This Beer's For You
Mark is a member of The Motley Fool Blog Network -- entries represent the personal opinion of the blogger and are not formally edited.
The brewer of my favorite lager, Samuel Adams, Boston Beer Company (NYSE: SAM), just made an announcement and issued new guidance. The company now expects 2012 earnings of $4.30 to $4.60 a share, up from its earlier estimates of $3.80 to $4.20.
The news delighted investors to say the least. On the day after the announcement was made shares appreciated by over 15% at one point and are now nearing a 52-week high. All the more impressive was the fact that the overall market in general declined.
However, the announcement shouldn't surprise anyone. Boston Beer, which has 1% of the domestic beer market, has had strong fundamentals in place for a long time. The company has low debt levels (long term debt/equity is 0.14%) and EPS has been growing on average more than 30% per year over a five period. The business has positive free cash flow, currently at $53 million, a strong brand (who wouldn't recognize the distinctive drinking glass?) and engaged management with a vested interest in the long term success of the company. The chairman, Jim Koch, is the founder and uses an old family recipe for the signature beer. He wouldn't want to let down his great-great grandfather. A potential negative is a relatively high P/E ratio of 29.
Boston Beer also made another headline recently, announcing its latest limited quantity release of the Utopia brand. The beer, which sports a hefty price tag of $190 per bottle, contains a 29% alcohol level. A typical beer has 5%.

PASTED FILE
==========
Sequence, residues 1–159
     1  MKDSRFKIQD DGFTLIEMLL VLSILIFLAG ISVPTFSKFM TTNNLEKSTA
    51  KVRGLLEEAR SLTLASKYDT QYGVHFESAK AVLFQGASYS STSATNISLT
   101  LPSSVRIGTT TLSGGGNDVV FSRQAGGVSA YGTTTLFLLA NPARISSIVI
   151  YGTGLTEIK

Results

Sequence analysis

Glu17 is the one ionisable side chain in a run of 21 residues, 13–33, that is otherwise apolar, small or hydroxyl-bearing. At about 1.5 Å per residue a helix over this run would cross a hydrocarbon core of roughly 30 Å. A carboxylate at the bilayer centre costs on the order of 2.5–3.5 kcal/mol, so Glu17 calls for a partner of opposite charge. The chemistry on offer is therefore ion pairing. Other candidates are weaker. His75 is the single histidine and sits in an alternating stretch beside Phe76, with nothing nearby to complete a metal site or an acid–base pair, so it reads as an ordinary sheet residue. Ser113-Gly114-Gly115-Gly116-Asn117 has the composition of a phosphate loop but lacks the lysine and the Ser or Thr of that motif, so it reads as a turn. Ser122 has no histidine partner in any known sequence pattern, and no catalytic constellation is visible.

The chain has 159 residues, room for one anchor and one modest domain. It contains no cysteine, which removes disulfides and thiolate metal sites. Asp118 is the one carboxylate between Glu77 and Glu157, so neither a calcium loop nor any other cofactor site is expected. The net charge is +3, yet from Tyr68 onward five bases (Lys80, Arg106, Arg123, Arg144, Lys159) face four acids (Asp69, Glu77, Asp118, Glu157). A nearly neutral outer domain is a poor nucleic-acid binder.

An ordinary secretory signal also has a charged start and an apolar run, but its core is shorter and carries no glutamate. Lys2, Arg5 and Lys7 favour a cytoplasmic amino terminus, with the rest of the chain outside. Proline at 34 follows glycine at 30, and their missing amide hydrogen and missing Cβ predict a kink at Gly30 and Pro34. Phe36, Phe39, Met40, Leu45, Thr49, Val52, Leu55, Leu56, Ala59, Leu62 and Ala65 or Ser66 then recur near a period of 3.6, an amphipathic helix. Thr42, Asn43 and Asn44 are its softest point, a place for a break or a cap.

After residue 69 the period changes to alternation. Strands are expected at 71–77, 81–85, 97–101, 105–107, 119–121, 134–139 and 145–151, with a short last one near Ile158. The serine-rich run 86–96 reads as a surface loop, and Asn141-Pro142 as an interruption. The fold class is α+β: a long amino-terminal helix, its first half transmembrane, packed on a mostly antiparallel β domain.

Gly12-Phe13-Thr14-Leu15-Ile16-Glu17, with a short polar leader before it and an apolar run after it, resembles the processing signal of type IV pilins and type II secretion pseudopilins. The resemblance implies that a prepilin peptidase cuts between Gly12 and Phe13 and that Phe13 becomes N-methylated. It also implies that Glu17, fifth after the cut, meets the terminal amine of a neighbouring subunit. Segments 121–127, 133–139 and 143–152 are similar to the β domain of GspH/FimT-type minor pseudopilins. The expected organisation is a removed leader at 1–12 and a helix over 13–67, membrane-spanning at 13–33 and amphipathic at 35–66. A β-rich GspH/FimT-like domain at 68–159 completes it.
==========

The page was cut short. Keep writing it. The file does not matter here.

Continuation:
By contrast, the fundamentals at one of its competitors in the craft brewing space, Craft Brew Alliance (NASDAQ: BREW), are more mixed. Average annual EPS growth over the past five years has been robust but is expected to slow down a bit to around 40% a year. The P/E ratio is 49, higher than Boston Beer, the beverage industry and the overall market. Debt is reasonable with a long term debt/equity ratio is 12%. A negative is that free cash flow is below zero right now. However, for a company in a growth mode maybe that's not too much of a concern.
The world's leading brewer, Anheuser-Busch InBev (NYSE: BUD), controls nearly 50% of the U.S. market share right now. For the most part the company also has strong fundamentals. Earnings are growing (EPS increased 47% for the trailing 12 months) and the valuation is good with a P/E of 19. Anheuser-Busch has over $4 billion in free cash flow but has a relatively high debt level. The company, based in Belgium, pays a dividend once a year.
Molson Coors Brewing (NYSE: TAP), the holding company for brewers Coors and Molson doesn't appear as strong as its competitors on the earnings front with decreasing growth over the last few years. At least the debt level is relatively low --- it has a long term debt/equity ratio of 36%. Molson Coors does have a positive free cash flow of $405 million and has several well-known brand names. I'm sure everyone recognizes the Rocky Mountains on each can of Coors Light.
Anheuser-Busch used to have an advertisement campaign for its Budweiser brand which included the phrase "This Bud's For You". I kinda wish Boston Beer could have one too. How about "This Sam's For You"?
Mathman6577 owns shares of Boston Beer. The Motley Fool owns shares of Boston Beer. Motley Fool newsletter services recommend Boston Beer and Molson Coors Brewing Company. Try any of our Foolish newsletter services free for 30 days. We Fools may not all hold the same opinions, but we all believe that considering a diverse range of insights makes us better investors. The Motley Fool has a disclosure policy. Is this post wrong? Click here. Think you can do better? Join us and write your own!